Impact of Scleral Contact Lens Use on the Rate of Corneal Tr
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To evaluate the association of scleral contact lens (SCL) use on the risk for keratoplasty for people with keratoconus a study was conducted.

The electronic health records of patients receiving eye care were reviewed. Patients with a diagnostic code of keratoconus or corneal ectasia, no previous history of keratoplasty, and for whom data were available for both eyes were included. Using a multivariable Cox regression model, associations between scleral contact lens use and keratoplasty were tested and adjusted for sociodemographic factors, maximum keratometry, and current contact lens (CL) use.

Two thousand eight hundred six eyes met the inclusion criteria. contact lens use in each eye was 36.2% with no contact lens, 7.2% soft, 33.9% rigid gas permeable (RGP), and 22.7% scleral. A total of 3.2% of eyes underwent keratoplasty. In the adjusted model, scleral contact lens or rigid gas permeable contact lens use significantly lowered the hazard of undergoing keratoplasty when compared with no contact lens use. Factors associated with increased risk of keratoplasty were black race as compared to a white, younger age, and lower socioeconomic status. Keratoplasty was not associated with sex, insurance, or maximum keratometry.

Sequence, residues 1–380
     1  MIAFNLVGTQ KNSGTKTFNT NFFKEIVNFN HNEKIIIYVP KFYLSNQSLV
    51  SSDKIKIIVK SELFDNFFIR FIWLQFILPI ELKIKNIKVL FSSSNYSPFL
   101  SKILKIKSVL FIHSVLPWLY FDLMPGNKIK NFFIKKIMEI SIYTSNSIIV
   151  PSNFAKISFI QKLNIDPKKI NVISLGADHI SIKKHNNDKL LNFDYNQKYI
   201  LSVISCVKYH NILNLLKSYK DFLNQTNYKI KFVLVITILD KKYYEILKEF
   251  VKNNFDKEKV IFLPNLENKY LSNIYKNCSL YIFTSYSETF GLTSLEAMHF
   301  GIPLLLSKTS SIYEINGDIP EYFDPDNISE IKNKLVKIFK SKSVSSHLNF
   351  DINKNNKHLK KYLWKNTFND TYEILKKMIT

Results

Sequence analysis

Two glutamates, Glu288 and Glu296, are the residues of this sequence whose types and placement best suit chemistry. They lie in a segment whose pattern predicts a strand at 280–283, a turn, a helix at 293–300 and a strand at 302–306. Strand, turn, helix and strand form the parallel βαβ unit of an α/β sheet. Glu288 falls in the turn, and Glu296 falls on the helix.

Physicians should maximize the use of scleral or rigid gas permeable contact lenses because patients who successfully use contact lens have almost one-fifth of the risk of undergoing keratoplasty.

Source:https://journals.lww.com/corneajrnl/Abstract/2021/01000/Impact_of_Scleral_Contact_Lens_Use_on_the_Rate_of.7.aspx
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